Monday, August 25, 2008

Streetcars in Sacramento

I received a very good report in my email last night called Next Stop: Sacramento. You can download the complete report from our document archive. The report looks at the benefits of adding streetcars back into urban areas. The report states that since the Portland Streetcar opened in 2001, it has attracted $1 billion in development. I would like to point of the Five Principles of Streetcar Implementation from the report:

1. Streetcar is not Light Rail. So goes the mantra of Portland Commissioner Charlie Hales, one of the Portland Streetcar’s chief advocates. Both modes are shiny, sleek, and operate on steel rails and wheels. But streetcars are smaller, lighter, quieter, considerably cheaper, and work more easily in urban surroundings. They fit into the existing fabric and scale of the downtown business district and neighborhoods easily, and reinforce the existing environment without major disruption.

2. The Streetcar is not just a transportation tool—it is a development tool. Some of the Portland Streetcar’s greatest champions have been real estate developers who recognized the connection between livable, high-density urban neighborhoods, and the ease of mobility offered by the streetcar. In fact, during the last flurry of streetcar building, in the early 20th century, rail-line expansions were closely tied to land development. Cities and agencies that can understand and harness this connection—for livability and tax-base expansion benefits—will get the most out of streetcar projects.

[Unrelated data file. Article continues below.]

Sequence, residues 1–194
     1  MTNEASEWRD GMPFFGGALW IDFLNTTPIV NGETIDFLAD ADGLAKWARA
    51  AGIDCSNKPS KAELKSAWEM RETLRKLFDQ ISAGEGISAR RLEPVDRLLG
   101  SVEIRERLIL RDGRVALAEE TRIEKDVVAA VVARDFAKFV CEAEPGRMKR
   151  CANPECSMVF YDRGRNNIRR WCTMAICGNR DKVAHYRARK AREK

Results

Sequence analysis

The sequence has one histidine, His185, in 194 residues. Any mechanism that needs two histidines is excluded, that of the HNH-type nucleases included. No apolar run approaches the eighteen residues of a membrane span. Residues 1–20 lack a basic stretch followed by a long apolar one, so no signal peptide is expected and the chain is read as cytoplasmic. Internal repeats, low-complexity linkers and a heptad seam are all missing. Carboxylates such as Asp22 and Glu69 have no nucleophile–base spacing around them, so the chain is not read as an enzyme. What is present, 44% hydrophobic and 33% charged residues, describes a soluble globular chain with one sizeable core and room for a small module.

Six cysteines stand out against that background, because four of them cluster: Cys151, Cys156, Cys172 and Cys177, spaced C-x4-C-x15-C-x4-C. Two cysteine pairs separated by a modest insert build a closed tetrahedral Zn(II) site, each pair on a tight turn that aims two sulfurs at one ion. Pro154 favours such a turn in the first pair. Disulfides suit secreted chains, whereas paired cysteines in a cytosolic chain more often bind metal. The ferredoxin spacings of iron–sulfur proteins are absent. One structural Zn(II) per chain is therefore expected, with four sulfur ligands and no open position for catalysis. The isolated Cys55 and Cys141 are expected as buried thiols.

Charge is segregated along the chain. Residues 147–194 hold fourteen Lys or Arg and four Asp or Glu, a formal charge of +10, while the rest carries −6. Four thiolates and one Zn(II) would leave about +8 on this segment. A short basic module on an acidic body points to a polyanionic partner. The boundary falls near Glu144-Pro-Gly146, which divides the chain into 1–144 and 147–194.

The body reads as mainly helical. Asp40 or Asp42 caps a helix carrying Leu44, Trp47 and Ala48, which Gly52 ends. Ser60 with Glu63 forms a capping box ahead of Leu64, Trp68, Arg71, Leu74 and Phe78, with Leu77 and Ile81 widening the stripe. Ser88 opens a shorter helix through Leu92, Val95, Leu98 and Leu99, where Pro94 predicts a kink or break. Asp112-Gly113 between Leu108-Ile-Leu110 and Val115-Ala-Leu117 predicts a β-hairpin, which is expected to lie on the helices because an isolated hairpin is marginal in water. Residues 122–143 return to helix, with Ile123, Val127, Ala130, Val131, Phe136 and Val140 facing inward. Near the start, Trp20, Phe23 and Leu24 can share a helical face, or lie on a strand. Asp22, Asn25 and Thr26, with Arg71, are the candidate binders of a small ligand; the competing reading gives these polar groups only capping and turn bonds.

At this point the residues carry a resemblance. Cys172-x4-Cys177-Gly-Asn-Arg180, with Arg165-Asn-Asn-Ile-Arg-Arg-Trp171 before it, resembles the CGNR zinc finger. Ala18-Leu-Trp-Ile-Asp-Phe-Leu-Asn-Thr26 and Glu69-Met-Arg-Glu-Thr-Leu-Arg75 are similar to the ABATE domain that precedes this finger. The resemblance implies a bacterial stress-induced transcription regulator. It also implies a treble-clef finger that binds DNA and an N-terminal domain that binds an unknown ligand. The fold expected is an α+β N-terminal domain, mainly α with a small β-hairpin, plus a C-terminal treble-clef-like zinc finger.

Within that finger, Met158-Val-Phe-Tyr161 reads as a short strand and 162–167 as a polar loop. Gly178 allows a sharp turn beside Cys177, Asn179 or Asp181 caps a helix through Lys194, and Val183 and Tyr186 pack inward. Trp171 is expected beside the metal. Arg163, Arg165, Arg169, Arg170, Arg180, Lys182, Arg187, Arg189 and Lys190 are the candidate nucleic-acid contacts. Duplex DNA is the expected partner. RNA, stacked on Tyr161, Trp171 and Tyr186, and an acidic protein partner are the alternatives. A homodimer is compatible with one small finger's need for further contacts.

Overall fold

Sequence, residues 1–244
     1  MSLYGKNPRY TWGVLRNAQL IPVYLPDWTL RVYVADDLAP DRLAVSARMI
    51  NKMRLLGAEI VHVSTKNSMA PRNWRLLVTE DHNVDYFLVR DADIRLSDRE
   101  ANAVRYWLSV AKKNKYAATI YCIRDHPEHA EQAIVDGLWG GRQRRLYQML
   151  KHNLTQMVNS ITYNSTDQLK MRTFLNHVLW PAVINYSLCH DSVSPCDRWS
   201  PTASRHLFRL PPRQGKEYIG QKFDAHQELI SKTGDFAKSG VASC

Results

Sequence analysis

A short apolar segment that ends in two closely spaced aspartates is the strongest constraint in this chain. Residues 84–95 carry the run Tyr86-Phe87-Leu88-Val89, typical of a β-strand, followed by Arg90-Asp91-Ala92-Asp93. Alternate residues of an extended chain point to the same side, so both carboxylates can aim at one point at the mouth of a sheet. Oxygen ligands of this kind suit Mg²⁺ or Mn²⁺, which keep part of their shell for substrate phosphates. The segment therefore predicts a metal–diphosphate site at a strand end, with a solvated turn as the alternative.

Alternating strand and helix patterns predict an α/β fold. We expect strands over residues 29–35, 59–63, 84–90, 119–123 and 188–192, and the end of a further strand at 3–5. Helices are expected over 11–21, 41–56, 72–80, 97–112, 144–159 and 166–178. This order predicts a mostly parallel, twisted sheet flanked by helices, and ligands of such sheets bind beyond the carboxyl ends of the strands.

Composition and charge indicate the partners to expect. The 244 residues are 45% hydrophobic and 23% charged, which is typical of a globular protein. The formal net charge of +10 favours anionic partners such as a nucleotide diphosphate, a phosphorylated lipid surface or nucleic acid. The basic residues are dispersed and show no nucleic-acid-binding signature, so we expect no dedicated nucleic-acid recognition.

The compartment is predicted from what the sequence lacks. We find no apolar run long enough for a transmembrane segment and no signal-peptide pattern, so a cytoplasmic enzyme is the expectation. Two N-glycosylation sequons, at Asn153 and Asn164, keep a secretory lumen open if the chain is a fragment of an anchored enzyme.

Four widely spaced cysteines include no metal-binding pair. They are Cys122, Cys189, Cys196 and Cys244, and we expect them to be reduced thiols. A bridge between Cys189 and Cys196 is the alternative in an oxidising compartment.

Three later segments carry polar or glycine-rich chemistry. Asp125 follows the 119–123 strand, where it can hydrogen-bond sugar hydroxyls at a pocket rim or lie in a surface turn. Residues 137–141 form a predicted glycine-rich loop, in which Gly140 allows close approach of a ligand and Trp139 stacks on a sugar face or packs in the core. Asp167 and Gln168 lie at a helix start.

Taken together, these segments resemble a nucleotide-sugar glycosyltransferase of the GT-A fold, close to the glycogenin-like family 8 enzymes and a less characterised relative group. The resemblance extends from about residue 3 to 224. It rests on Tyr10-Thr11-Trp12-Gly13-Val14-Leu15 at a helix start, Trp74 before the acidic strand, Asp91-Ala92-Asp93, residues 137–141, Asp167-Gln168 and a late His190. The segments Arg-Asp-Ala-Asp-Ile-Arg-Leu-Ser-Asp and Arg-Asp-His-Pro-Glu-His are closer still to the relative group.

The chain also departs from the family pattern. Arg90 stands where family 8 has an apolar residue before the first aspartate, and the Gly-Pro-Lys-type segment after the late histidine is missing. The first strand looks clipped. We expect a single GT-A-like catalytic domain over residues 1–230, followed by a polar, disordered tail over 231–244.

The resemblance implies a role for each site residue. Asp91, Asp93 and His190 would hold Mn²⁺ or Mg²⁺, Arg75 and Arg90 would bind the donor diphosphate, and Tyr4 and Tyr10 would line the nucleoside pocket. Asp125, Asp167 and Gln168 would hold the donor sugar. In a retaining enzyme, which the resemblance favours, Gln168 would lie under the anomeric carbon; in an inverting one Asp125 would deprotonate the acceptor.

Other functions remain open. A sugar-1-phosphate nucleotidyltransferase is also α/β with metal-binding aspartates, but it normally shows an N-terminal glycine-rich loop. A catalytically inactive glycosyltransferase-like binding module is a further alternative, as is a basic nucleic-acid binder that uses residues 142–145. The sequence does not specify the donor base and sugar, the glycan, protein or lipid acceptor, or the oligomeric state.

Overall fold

3. The Streetcar is a local transportation project; it does not directly address regional transportation issues. The local scale of streetcar projects impact what constituencies are likely to support them, how they must be marketed to the public and decision makers, and perhaps most importantly, how they will be funded.

4. The devil is in the details. It’s easy to focus on the big picture, but of course, the details are just as important. This is where creativity comes into play - bringing together unique business models and strategic thinkers to overcome the challenges of attracting development and building major infrastructure in the middle of a thriving urban environment.

5. The Portland Streetcar is an excellent model, but it is not the only model. As we note at the end of this paper, there are numerous other streetcar lines in operation or in the planning stages across the country. Leaders interested in establishing a streetcar line in Sacramento may also want to review—or ride—the lines in San Francisco, Tacoma, or even Tampa, Florida, to see how those cities did it.

The report also outlines some of the lessons learned from the Portland Streetcar and how to fund a system. Its a very good read.

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